Washington Crossing the Delaware. What does this picture have to say about human

 

experience?_________________________________________________________________

 

_________________________________________________________________________

 

_________________________________________________________________________

 

List three or more specific details from the painting that support this theme.___________

 

_________________________________________________________________________

 

_________________________________________________________________________

 

_________________________________________________________________________

 

Which detail in the painting most effectively conveys the theme? Justify your answer.

 

_________________________________________________________________________

 

pg. 11

 

Washington Crossing the Delaware

By David Shulman

 

VI. A hard, howling, tossing water scene.

 

Strong tide was washing hero clean.

 

“How cold!” Weather stings as in anger.

 

O Silent night shows war ace danger!

 

The cold waters swashing on in rage.

 

Redcoats warn slow his hint engage.

 

When star general’s action wish’d “Go!”

 

He saw his ragged continentals row.

 

Ah, he stands—sailor crew went going.

 

And so this general watches rowing.

 

He hastens—winter again grows cold.

 

A wet crew gain Hessian stronghold.

 

George can’t lose war with’s hand in;

 

He’s astern—so go alight, crew, and win!

 

What type of poem is this?______________________________________________

 

What is its rhyme scheme?______________________________________________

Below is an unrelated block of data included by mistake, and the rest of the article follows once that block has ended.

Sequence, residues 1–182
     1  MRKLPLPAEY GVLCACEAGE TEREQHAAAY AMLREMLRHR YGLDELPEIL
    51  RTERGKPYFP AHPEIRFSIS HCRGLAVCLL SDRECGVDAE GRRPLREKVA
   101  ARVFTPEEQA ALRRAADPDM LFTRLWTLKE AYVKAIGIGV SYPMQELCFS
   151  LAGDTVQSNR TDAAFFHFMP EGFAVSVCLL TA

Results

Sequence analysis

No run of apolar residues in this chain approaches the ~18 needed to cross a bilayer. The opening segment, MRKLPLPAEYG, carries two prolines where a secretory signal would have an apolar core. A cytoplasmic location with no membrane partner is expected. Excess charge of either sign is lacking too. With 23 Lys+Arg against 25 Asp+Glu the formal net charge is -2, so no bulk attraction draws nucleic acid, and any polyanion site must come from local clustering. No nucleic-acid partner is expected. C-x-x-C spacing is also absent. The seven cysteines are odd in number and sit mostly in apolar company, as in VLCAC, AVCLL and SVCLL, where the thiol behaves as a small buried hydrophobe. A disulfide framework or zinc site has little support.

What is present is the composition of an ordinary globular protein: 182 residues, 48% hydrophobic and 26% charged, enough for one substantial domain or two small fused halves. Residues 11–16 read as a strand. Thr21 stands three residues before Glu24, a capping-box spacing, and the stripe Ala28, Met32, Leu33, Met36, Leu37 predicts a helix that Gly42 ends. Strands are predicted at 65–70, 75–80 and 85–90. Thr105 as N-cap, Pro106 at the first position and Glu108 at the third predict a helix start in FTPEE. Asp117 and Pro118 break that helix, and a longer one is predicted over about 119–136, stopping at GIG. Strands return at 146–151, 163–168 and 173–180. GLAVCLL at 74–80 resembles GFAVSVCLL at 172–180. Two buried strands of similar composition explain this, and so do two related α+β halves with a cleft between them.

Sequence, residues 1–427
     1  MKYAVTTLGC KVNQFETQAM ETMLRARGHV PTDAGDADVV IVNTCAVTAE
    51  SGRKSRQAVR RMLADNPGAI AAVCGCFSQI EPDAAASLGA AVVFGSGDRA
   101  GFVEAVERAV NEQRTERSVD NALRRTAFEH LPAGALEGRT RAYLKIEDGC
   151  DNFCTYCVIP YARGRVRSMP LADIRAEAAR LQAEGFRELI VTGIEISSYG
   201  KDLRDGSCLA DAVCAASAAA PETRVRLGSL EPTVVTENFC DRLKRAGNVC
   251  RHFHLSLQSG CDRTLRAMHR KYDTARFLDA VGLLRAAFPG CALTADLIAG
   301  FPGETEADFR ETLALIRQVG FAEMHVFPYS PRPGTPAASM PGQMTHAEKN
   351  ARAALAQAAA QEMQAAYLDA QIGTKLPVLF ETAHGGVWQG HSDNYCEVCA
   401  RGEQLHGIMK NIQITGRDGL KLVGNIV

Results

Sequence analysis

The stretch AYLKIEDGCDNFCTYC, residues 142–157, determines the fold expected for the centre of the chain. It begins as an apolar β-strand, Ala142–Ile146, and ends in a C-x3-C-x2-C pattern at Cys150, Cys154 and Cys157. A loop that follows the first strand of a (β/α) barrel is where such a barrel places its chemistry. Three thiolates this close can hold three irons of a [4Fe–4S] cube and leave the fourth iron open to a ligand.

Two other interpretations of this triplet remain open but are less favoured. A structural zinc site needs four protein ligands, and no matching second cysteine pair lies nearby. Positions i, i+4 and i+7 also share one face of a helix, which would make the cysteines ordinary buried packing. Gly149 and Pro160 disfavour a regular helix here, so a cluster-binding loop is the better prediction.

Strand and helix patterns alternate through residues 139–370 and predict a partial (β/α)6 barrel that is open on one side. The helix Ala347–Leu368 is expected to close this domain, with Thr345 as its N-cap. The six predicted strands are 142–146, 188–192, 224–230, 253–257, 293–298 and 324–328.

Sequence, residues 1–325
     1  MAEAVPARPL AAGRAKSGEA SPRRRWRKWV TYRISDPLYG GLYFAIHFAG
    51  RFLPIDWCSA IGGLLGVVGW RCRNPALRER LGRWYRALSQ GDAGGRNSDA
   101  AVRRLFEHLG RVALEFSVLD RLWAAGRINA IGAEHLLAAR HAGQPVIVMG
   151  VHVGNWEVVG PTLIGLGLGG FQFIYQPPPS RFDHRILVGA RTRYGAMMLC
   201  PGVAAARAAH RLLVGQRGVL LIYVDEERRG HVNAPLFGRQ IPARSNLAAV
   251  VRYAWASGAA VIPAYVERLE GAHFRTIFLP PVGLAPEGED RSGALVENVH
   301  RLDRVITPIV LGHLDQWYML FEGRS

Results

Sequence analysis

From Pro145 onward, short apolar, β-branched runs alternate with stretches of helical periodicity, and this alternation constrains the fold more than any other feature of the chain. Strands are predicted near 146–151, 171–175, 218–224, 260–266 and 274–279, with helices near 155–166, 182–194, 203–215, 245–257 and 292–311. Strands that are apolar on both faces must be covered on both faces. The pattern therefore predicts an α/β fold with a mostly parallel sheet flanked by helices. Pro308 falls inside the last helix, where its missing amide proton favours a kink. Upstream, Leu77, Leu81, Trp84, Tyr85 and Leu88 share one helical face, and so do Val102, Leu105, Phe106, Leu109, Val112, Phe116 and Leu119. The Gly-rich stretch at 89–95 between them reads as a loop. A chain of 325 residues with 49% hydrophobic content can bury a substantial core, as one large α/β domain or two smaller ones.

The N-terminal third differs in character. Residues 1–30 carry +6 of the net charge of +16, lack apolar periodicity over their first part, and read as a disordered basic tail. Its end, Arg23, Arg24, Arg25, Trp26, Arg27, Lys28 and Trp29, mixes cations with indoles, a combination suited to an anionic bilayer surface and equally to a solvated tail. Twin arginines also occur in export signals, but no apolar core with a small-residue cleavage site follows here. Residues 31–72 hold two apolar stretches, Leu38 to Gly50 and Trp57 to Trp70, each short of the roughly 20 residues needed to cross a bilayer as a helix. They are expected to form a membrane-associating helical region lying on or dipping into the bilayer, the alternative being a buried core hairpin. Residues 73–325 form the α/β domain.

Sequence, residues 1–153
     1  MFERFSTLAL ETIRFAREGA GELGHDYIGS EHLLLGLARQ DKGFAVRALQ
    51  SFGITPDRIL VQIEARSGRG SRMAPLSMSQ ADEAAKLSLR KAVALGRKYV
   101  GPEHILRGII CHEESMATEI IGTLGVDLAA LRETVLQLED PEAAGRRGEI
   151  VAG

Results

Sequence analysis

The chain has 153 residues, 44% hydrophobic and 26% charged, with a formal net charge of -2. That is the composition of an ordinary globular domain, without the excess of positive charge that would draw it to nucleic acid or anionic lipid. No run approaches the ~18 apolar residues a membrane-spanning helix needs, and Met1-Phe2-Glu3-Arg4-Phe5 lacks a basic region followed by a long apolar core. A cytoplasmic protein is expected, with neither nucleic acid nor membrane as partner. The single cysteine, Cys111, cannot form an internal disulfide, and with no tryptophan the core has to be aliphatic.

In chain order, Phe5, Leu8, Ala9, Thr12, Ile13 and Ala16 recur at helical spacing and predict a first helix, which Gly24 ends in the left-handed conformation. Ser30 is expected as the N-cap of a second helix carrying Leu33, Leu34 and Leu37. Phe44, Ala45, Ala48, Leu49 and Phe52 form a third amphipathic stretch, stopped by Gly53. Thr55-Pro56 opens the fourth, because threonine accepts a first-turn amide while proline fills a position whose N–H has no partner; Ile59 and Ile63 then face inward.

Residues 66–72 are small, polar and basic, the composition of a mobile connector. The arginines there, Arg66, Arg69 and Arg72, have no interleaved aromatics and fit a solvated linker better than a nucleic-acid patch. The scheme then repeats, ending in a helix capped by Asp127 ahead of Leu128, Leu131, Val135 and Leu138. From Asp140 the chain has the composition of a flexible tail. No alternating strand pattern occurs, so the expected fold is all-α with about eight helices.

Considering the poem rather than the painting, complete the mood graphic again.

 

Mood

 

Touch

 

Sight

 

Taste Smell

 

Sound

 

pg. 12

 

Review your theme statement from above. Does the same theme statement apply to the

 

poem? Justify your answer by citing 3 or more details from the poem._________________

 

__________________________________________________________________________

 

__________________________________________________________________________

 

__________________________________________________________________________

 

VII. Writing Option

 

Review the thematic statements that you wrote for the painting and for the poem; then

 

write an essay that compares the depiction of Washington’s experience in the painting by

 

Leutze and in the poem by David Shulman.

 

*As a beginning point, you may want to consider what is emphasized, absent, or different in

 

the two texts, but feel free to develop your own focus for analysis.

 

*Develop your essay by providing textual evidence from both texts. You may use your notes.

 

*Adhere to the conventions of standard English.

 

pg. 13

 



Group Essay on Literary Analysis
Due Date: 8/18/2017
Subject: English 10

Structure for a Compare and Contrast Literary Essay

The students will work in groups of five. Each student is responsible to write one paragraph that they have agreed upon with their group.

Introduction

     End the introduction with a Thesis expressing the focus of your essay:

     Example: Both Emerson and Collins recognize the value and mystery of each day, acknowledging the fleeting nature of time, Emerson relying primarily on the use of striking metaphors and Collins conveying his ideas through vivid imagery and language.